It’s okay to ask for help.

I suppose it should have been a sign that tears form almost every time I’ve tried to write something over the past five years. Maybe more. Rather than deal with what I need to deal with, I’ve elected to stuff it instead and stuffing it has also stifled the writing side of me. That’s okay. I’ve been too busy anyway. Too busy to write. Too busy to deal with things. It’s easier that way. Except that it isn’t.

Over the past couple of weeks, I’ve been forced to face the pain of some things that I’d rather not, but really need to. And I need help. I’ve scheduled an appointment with a doctor to discuss mental health possibilities. I’ve reached out to a local church for counseling. Having initiated these first two steps, I think I’ve allowed myself to start thinking more critically about things and am beginning to realize that I place more weight on the rejection I feel from people than I do on the acceptance of Christ. And I do not know how to bridge that gap. But I’m starting the process of trying.

I’m beginning by reading this little book by Zack Eswine: Spurgeon’s Sorrows – Realistic Hope for those who Suffer from Depression. Perhaps for the first time in a long time I feel understood. Or maybe for the first time in a long time I’m allowing someone to understand me.

From Chapter 1

“We very speedily care for bodily diseases; they are too painful to let us slumber in silence; and they soon urge us to seek a physician or a surgeon for our healing. Oh, if we were as much alive to the more serious wounds of our inner man.” – Charles Hadden Spurgeon

This chapter begins with, “How do we get through them? The times that knock the breath out; when even our strongest and bravest must confess with desolate eyes, “I do not know what to pray,” … Words have no strength to venture with us into the heaving deeps that swallow us. And many of us who believe in Jesus don’t like to admit it, but we find no immunity here either.”

“We even wonder if we’ve brought this all on ourselves. It’s our fault. God is against us. We’ve forfeited God’s help.”

From Chapter 2

“Things in life can hurt us; circumstances we wouldn’t wish on anyone.”

“Let’s remind ourselves at the outset; In itself, sadness or grief is God’s gift to us. It’s how we get through. It is an act of faith and wisdom to be sad about sad things.”

“For some of us, we’ve been unable to live in any other scene but the one that crushed us.”

From Andrew Solomon in The Noonday Demon: An Atlas of Depression – “Grief is a depression in proportion to circumstances while depression is grief out of proportion to circumstance.”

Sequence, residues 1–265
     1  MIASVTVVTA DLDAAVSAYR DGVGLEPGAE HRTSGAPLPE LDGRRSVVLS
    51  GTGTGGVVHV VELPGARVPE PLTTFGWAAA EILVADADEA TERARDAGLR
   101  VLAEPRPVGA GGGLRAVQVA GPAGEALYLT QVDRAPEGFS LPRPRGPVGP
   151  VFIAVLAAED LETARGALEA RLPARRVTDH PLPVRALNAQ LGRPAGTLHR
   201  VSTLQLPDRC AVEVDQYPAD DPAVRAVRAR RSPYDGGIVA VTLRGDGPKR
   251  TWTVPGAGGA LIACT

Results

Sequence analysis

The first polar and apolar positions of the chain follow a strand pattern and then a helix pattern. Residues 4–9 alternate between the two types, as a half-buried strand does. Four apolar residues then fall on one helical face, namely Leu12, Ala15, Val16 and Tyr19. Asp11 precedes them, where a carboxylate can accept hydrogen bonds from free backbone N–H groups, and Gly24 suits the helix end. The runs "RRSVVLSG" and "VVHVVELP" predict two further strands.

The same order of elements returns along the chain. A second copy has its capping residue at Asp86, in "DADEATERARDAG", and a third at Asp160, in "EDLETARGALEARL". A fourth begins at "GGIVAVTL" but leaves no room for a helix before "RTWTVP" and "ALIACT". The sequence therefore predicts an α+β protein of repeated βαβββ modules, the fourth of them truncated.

“Sadness is neither a sign of laziness nor a sin; neither negative thinking nor weakness.”

“In our fallen world, sadness is an act of sanity, our tears the testimony of the sane.”

“Broken hearted one, Jesus Christ knows all your troubles, for similar troubles were his portion too.”

From Chapter 3

“Depression can so vandalize our joy and our sense of God that no promise of His can comfort us in the moment, no matter how true or kindly spoken. At it’s worst, everything in the world looks dark.”

“Many of us feel that if we were more true to Jesus we wouldn’t struggle this way.”

“Therefore we sufferers of depression in Christ may grow terribly weak, even in faith, but we are not lost to God…Depression of spirit is no index of declining grace. It is Christ and not the absence of depression that saves us.”

“Our sense of God’s absence does not mean that He is so. Though our bodily gloom allows us no feeling of His tender touch, He holds on to us still. Our feelings of Him do not save us. He does.”

“Our hope therefore, does not reside in our ability to preserve a good mood but in His ability to bear us up. Jesus will never abandon us with our downcast heart.”


A Glimpse of Heaven


Not only that, but we rejoice in our sufferings, knowing that suffering produces endurance, and endurance produces character, and character produces hope, and hope does not put us to shame, because God’s love has been poured into our hearts through the Holy Spirit who has been given to us. -Romans 5:3-5

For most people, the hike up to Emerald Lake won’t kill them. It’s not a strenuous hike, but it does take effort. And if you are like me, it takes quite a bit more effort than, say, the rest of the youth group whom you are hiking with. If you are like me, you will be the last one in your group to make it to the top. But you will make it. And it will be worth it.

In many ways, I think I keep viewing life as one long, tiring hike. It’s not impossible, but it is all slightly uphill and sometimes quite steep and there are plenty of spots along the way in which it seems to make more sense to just turn around and go back already, but that seems silly because when you’ve been hiking for so long, you are bound to eventually get there and what if there is just around the next switch back? Why would you turn back when you’ve gone so far?

The thing is this: we can’t see what’s ahead. There’s no way to know if we’re really almost there. When I was much younger, I had this idea that by the time I reached the age at which I currently am, I would probably be there. Now I’m beginning to wonder if there doesn’t get to be reached in this present lifetime, and instead of arriving, we’re called to continually climb, perhaps stopping occasionally to sit for a moment and take a sip of water, but to then get back up and continue.

The path is sometimes beautiful and sometimes really difficult, but still we climb. Sometimes it seems impossible, but why would we turn back now? We’ve come so far. There might be around the next turn. We can’t see it, we have no map telling us how far we still have to go, and yet we continue, trusting that when we finally reach it it will, in an instant, wipe out the struggle it took to get there.






Lessons from the Queen of Hearts

img_0277“I’m just one hundred and one, five months and a day.”
“I can’t believe that!” said Alice.
“Can’t you?” the Queen said in a pitying tone. “Try again: draw a long breath, and shut your eyes.”